Mn2-based Compounds

Our work seeks to design and control the magnetic and electronic properties of materials, which allow the discovery of new physics and enable future device applications.  X-ray absorption spectroscopy (XAS) and X-ray magnetic circular dichroism (XMCD) are powerful techniques that can be used to probe the magnetic and electronic states in materials.  They are utilized extensively in our group to probe bulk, thin film and nanostructures of Heusler compounds and transition metal oxides with strongly correlated electrons.

Simple Rules for Designing Mn-based Heusler Compounds for Spintronics

Fig. 1: Mn L-edge absorption for selected Heusler compounds.

Mn-based Heusler compounds are perhaps some of the most attractive compounds for future spintronics applications. For instance, Mn3Ga has been proposed as a potential material for spin transfer torque devices. Here, Mn is present on multiple sublattices, and the magnetic moments are antiparallel, guaranteeing a low total moment with a high Curie temperature. Additionally, Mn when coordinated octahedrally by Si in Co2MnSi leads to full spin-polarization of the charge carriers and consequently widespread applicability as an electrode material in tunneling magnetoresistance (TMR) devices.

These materials are highly tunable, due in part to the large number of different elements that can be used to form the ternary compounds on a relatively simple lattice with high symmetry, which, in the chemical sense, contains multiple sublattices.  Designing new materials for future device applications necessitates a general understanding of how Mn behaves on the individual chemical sublattices. We therefore probed the electronic and magnetic properties of Mn as a function of coordination with respect to Z in full and half Heusler compounds experimentally using X-ray absorption spectroscopy (XAS) and X-ray magnetic circular dichroism (XMCD) and theoretically with ab initio calculations (Fig. 1). Both theory and experiment show that the Mn oxidation state indicates delocalized metallic-like behavior in the full and half Heusler compounds. However, the magnetic moment in the octahedral sites is large and localized (atomic-like), but the moment in the tetrahedral sites is reduced. These general rules can be used to tailor the magnetic and electronic properties for future applications in Mn-based Heusler compounds by carefully controlling the individual sublattices.

MnxGa1-x Thin Films and Nanodots with High Coercivity and Perpendicular Magnetic Anisotropy

Fig. 2: (a) Cross sectional HRTEM image from the x=0.75, 350oC sample.  The bottom inset shows a portion of the FFT in the film region.  The top inset shows in-plane (dashed) and out-of-plane (solid) magnetization. (b) M(H) for Mn70Ga30 film and nanodots before and after annealing.  The bottom inset shows an XRD pattern of the same samples.  The top inset shows an SEM image of the nanodots. 

MnxGa1-x thin films (x=0.70, 0.75) were grown at different temperatures and thicknesses on SrTiO3 substrates. Samples grown at 300 - 350oC evidently lead to polycrystalline films with a significant fraction exhibiting the tetragonal c-axis in the film plane (Fig. 2a), which subsequently results in a secondary magnetic component in the out of plane M(H) curve as well as an in-plane hysteresis (Fig. 2a). Reducing the film thickness or Mn concentration improves the film quality. Additionally, a self-assembly nanolithography approach was used to pattern 550 nm nanostructures in a Mn70Ga30 epitaxial thin film (Fig. 2b). The resultant nanodots exhibited similar features to the parent film i.e. PMA and a large coercivity. A kink was evidenced in the magnetic hysteresis loop near H=0 in the nanostructured material and attributed to chemical disorder induced during the lithography procedure (Fig. 2b). Chemical order was recovered in the nanostructures after annealing (Fig 2b). Our results suggest MnxGa1-x as a promising material for spin valve devices.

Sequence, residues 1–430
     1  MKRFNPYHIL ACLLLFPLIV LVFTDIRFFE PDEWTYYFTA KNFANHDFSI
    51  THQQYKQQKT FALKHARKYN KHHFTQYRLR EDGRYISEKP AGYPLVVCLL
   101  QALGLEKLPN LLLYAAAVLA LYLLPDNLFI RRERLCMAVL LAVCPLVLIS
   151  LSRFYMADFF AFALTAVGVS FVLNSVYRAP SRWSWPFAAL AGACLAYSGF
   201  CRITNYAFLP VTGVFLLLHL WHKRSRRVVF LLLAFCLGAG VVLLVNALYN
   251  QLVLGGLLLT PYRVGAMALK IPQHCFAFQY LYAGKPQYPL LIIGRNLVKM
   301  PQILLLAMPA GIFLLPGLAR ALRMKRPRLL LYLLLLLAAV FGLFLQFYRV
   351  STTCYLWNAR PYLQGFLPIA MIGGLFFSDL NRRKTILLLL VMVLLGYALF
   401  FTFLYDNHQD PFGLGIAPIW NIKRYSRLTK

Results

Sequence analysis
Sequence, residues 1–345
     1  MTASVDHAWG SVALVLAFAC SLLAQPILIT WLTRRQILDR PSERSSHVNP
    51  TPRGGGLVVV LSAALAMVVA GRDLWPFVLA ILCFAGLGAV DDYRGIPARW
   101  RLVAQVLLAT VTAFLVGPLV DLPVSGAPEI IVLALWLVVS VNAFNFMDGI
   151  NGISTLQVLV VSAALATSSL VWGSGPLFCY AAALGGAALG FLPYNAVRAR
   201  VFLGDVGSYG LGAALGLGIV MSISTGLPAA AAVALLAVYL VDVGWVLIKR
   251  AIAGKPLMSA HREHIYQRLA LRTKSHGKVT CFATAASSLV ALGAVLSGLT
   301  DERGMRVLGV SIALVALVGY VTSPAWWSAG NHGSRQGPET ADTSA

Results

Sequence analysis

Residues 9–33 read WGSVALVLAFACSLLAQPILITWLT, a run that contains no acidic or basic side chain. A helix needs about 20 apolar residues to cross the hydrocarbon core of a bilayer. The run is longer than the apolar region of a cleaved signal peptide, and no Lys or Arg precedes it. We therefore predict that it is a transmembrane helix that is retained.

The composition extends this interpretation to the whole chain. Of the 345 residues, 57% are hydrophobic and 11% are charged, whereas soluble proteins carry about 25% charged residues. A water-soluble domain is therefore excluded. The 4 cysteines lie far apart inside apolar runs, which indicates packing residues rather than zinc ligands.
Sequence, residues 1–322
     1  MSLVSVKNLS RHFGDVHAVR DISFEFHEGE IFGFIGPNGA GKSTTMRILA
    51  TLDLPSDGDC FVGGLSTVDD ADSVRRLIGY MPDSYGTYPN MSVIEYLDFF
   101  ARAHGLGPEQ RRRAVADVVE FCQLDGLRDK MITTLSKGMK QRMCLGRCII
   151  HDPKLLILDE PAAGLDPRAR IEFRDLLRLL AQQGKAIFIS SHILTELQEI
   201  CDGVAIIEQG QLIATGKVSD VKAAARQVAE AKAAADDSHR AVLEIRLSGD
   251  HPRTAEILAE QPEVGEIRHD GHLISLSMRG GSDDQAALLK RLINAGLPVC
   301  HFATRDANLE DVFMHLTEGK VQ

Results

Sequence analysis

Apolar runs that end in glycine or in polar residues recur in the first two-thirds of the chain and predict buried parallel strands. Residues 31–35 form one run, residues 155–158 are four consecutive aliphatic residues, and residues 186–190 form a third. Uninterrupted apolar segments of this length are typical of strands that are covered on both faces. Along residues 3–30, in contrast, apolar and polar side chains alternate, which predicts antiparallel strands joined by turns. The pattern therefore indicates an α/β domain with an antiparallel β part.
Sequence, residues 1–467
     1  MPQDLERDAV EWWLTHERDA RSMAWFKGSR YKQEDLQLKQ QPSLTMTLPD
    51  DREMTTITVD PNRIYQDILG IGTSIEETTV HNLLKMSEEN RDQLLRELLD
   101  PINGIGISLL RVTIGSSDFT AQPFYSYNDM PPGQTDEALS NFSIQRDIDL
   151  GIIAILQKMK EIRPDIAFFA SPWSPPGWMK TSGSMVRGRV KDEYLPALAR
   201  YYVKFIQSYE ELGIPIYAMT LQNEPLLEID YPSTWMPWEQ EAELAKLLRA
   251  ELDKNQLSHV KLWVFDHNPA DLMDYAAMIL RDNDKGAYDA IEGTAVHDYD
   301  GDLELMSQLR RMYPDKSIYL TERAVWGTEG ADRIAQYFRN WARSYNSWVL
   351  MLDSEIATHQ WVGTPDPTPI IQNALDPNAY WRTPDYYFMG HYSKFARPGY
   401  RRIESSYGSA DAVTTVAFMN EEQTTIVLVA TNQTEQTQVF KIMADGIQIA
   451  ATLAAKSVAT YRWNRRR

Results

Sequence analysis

Single Phase Co2NiGa Nanoparticles for Nanoscale Devices

Fig. 3: XANES data for the γ-Co2NiGa nanoparticles at the absorption edges of Co (a), Ni (b), and Ga (c).

We fabricated for the first time Co2NiGa nanoparticles (NPs) of a single γ-phase (γ-Co2NiGa). The NPs were prepared by impregnation in colloidal silica followed by high temperature annealing. Energy dispersive X-ray spectroscopy mapping and X-ray absorption near edge structure data provided evidence for the successful preparation of the intermetallic NPs and the absence of impurity phases. Extended X-ray absorption fine structure spectroscopy data confirm the formation of the γ-Co2NiGa phase by examining the atomic environments surrounding Co, Ni, and Ga (Fig. 3). The Co2NiGa NPs were ferromagnetic with a high saturation magnetization. γ-Co2NiGa NPs exhibited a very high Curie temperature (≈ 1139 K), which make them promising candidates for high temperature magnetically activated nanoscale devices.

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